Copied by George Ethridge from various manuscript volumes and loose papers, and arranged as nearly as possible by dates. Records of births, marriages, and deaths not included. The bounds of Duxbury originally included what is now within the limits of Duxbury, Marshfield, Pembroke, Hanson, the Bridgewaters and Brockton.
SOULE (New Bedford family). The family bearing this name at New Bedford, Mass., is a branch of the Old Plymouth family, descending from George Soule, one of the “Mayflower” Pilgrims and a signer of the compact in 1620. The present head of the family is the Hon. Rufus Albertson Soule, citizen soldier, now collector of the port of New Bedford, who for many years has been a conspicuous figure in the business and political life of that place, a public servant of high and honorable service, one who as man, citizen and neighbor enjoys that popularity that comes to but few.
The Massachusetts Tax Valuation List of 1771 contains the names and descriptions of taxable property of nearly 38,000 individuals who resided in 152 Massachusetts towns in 1771
George Otis Jenkins, one of Whitman’s best known manufacturers and most progressive citizens, was born in Dorchester, Mass., Nov. 22, 1846, son of James and Susan (Holbrook) Jenkins, and a descendant of Edward Jenkins, of Scituate. Also includes a brief genealogy of the Bates Family of Hingham Massachusetts from which George’s wife, Abby Bates descended.
The Middleboro family bearing this name is a branch of the Bridgewater family and it of the earlier Weymouth Kingman family, the American ancestor of which is credited with coming from Wales. This article pertains to some of the descendants of the late Maj. Bela Kingman, whose father, Abner Kingman, and family came from Bridgewater to Middleboro during the closing years of the Revolution, and here for generations the family has played well its part in the affairs of Middleboro, notably the Major’s son, Calvin D. Kingman, Esq., and the latter’s sons, Charles W. and Philip E. Kingman, who for years together and in turn developed and carried on a large shoe industry, giving employment to hundreds of hands.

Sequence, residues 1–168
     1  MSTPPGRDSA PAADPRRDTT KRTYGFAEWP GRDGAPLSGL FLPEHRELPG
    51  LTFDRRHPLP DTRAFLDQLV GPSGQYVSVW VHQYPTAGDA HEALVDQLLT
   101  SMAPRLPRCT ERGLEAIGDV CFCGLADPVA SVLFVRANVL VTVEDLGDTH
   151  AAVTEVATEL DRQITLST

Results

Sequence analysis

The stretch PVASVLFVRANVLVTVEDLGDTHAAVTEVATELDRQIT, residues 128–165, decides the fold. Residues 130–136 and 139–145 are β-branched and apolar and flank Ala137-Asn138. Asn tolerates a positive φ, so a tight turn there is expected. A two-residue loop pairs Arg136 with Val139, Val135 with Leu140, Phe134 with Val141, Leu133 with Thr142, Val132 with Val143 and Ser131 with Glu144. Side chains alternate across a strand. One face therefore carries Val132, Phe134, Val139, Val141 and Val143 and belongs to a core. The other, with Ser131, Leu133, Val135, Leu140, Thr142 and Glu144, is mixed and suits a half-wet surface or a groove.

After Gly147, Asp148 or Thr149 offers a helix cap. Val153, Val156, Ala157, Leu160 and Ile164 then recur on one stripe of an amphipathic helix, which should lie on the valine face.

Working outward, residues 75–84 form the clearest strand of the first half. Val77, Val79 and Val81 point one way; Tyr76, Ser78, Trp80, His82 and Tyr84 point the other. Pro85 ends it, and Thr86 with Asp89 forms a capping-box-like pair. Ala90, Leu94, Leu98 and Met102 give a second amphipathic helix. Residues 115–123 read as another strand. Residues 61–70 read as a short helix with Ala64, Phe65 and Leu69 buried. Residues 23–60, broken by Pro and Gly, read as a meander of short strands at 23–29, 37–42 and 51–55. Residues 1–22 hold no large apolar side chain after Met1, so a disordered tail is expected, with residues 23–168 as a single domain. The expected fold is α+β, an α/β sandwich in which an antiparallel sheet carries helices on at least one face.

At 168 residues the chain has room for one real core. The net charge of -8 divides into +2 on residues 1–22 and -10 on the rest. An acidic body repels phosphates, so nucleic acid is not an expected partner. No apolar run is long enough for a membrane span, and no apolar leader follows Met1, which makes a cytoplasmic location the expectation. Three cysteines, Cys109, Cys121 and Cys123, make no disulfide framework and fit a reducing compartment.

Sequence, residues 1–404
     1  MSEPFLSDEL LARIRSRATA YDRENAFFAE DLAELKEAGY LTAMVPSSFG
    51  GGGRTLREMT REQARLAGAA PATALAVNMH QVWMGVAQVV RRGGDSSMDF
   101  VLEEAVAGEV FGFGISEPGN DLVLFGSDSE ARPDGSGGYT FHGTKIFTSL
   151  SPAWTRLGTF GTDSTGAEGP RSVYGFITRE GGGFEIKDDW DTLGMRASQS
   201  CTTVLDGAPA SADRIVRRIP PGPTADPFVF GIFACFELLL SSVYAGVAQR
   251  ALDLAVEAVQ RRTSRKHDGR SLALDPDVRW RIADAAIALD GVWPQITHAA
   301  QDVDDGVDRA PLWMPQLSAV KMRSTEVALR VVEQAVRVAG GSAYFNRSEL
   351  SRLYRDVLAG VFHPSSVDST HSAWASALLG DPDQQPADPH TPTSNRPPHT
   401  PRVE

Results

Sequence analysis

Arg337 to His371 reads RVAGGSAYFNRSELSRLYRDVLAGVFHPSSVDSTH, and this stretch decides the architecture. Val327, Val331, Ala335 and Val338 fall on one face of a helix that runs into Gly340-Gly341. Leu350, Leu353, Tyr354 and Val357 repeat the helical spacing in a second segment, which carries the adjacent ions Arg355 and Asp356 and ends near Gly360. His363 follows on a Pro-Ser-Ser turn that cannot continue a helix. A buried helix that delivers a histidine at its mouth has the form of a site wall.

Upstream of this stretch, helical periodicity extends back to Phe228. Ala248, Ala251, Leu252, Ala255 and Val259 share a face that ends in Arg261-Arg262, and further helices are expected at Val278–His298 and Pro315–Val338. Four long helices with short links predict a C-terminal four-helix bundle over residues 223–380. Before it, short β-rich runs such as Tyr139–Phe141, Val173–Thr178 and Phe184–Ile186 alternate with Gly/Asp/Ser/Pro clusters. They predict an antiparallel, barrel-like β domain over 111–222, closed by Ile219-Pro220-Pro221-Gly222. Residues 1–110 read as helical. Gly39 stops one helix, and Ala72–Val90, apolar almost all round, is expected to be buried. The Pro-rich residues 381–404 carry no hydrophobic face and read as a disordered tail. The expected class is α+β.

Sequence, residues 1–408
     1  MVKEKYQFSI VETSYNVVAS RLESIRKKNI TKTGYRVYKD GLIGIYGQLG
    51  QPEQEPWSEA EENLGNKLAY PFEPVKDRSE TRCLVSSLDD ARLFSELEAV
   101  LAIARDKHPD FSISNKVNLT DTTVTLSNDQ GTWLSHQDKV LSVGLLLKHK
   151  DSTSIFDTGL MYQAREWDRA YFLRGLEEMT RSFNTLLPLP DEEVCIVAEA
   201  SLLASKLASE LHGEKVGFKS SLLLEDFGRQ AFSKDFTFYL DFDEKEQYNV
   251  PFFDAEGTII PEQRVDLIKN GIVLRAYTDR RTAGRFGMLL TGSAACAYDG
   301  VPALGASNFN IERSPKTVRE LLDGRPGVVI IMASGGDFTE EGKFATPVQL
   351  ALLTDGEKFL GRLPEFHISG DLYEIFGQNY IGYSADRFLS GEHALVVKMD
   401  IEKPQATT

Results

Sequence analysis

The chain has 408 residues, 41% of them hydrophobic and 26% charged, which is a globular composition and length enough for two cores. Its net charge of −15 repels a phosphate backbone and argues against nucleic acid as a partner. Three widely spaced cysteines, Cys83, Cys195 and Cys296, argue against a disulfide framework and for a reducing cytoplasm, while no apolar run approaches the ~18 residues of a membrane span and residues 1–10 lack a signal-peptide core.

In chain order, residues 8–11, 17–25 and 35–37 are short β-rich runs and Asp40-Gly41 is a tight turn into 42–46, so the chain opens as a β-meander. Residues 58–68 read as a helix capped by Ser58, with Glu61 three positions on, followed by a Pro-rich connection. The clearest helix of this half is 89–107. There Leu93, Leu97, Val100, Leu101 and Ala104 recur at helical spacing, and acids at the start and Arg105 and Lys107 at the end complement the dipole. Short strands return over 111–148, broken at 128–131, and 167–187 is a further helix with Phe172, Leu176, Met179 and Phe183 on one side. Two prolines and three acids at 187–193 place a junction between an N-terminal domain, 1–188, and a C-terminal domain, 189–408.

This page treats the Leach Genealogy of Bridgewater, Massachusetts, starting with Lawrence Leach, the immigrant ancestor, and descending to the James Cushing Leach family of Bridgewater, Mass.
Samuel Pearly Gates, of Bridgewater, probably best known in the business world as treasurer of the Eagle Cotton Gin Company, in which he holds the controlling interest, has been so intimately identified with the expansion of the various activities of that place during the fifty odd years of his residence there that he is justly ranked among the leaders in the development of manufacturing, banking and civic interests. Though well past the three-score and ten mark his faculties are undimmed, his energy unabated, his zeal unflagging, and he not only keeps pace with the times but is still in the van in the matter of progress in any line which enlists his attention or sympathy. Bridgewater is the home of his adoption, however, for he was born at Ashby, in Middlesex county, this State, and is a descendant of a family which has been settled in that county from early Colonial days. We herewith give the following records concerning the family since the emigrant ancestor landed this side of the Atlantic.
Several persons bearing the name Jennings (variously spelled) located in Massachusetts in its early settlement. Richard Jennings put himself as apprentice to Robert Bartlett, of Plymouth, in 1635, for a period of years. He is said to have lived at Sandwich, whence he moved to Bridgewater, and had a family of children. The Jennings family was long prominent and highly respected in the town of Sandwich, but in time became practically extinct there. Thomas Jennings was an early settler in Portsmouth, R. I. It is, however, the purpose to refer here to the special Fall River family of the name the head of which was the late William H. Jennings. The latter was a descendant in the seventh generation from John Jennings of Sandwich, Mass., from whom his descent is through Isaac, John, Isaac, Isaac and Andrew M. Jennings. These generations follow in the order named.